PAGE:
10 June 2020
Thu Thu Nwe Hlaing, LIFT Civil Society Partnerships Officer
CSOs are essential for any country’s successful COVID-19 response. In Myanmar, civil society organisations are working quickly and efficiently on the frontlines, supporting the communities and Government in their immediate COVID-19 response. The CSOs receive both direct and indirect funding from various international organisations.
The Livelihoods and Food Security Fund (LIFT), managed by UNOPS, has been supporting Myanmar’s development since 2009. LIFT’s current donor countries are the United Kingdom, the European Union, Australia, Switzerland, the United States of America, Canada and Ireland. Of the 153 organisations engaged in LIFT’s COVID-19 response, 128 (or 84%) are local or national organisations - present, committed, quick and responsive to the emerging needs.
LIFT also estimates that more than 80% of the response activity is undertaken by local partners - it is they who go to villages, factories, quarantine centers, camps and border gates (while international staff and sometimes national staff from international organisations are not allowed) and it is they who provide the awareness training through loudspeakers and pamphlets, visit families in their homes, and support quarantine centers with essential materials.
By example, LIFT’s five strategic civil society partners (Karuna Mission Social Solidarity, Land Core Group, Metta, Network Activities Group, and Gender Equality Network) alone reached almost a million beneficiaries, of which half are women, within the first month of their emergency response. Their COVID work has also extended to influencing policy and practice, for example GEN's work with the Ministry of Social Welfare, Relief and Resettlement to announce nation-wide GBV data in collaboration with all CSOs and international organisations.
LIFT’s Decent Work and Labour Mobility programme delivered emergency support to 355,673 direct beneficiaries (of which 58% are women), across multiple states and regions of Myanmar, covering Yangon, Kayin, Mon, Shan, Tanintharyi, Bago, Chin, Mandalay, Magway, Bago and Ayeyarwaddy. A key factor behind the effectiveness of this response in these difficult times is the engagement of local civil society and labour organisations in the management and implementation before and during the crisis. With local organisations’ ability to mobilise quickly, their high level of personal commitment and their extensive local knowledge, these organisations have formed the backbone of LIFT’s support to migrants in border areas, communities of origin and communities of destination.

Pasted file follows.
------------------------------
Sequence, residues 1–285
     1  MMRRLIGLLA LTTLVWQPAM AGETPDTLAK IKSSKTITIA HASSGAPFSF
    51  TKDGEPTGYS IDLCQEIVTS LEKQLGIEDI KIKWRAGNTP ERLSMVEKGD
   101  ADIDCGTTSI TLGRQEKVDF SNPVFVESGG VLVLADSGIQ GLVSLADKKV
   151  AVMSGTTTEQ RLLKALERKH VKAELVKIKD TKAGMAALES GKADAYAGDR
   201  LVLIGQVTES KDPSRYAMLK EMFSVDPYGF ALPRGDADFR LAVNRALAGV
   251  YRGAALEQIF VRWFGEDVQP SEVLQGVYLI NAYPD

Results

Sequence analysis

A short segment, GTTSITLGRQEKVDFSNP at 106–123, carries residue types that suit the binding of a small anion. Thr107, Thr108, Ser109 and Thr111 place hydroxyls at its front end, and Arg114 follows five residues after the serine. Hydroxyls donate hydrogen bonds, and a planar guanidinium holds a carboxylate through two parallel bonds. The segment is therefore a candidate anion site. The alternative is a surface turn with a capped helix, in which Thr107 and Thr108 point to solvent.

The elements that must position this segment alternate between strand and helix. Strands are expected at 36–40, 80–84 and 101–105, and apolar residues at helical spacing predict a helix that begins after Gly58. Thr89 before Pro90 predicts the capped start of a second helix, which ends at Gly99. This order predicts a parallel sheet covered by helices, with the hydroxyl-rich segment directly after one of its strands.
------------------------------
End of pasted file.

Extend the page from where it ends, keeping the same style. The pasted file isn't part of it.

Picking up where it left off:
Our local CSO partners have also supported internal migrants through the provision of shelter and food and financial support to women in crisis, particularly the garment workers who have lost their jobs due to widespread factory closures in Yangon. LIFT-funded CSOs have also provided legal assistance to migrant workers to claim compensation for terminated employment and resolve labour disputes, both of which have increased dramatically during the pandemic, they supported community-level quarantine facilities and raising of awareness in Yangon’s Hlaing Thar Yar Township.
For returning international migrants, LIFT’s local CSO partners have provided front-line emergency assistance at the main Thailand-Myanmar border crossing points in Kaw Thaung, Myawaddy, Tachileik, Htee Kee and Payathonzu. Some have also provided support to specific populations of vulnerable migrants, including pregnant women and child returnees, to ensure their basic needs are met.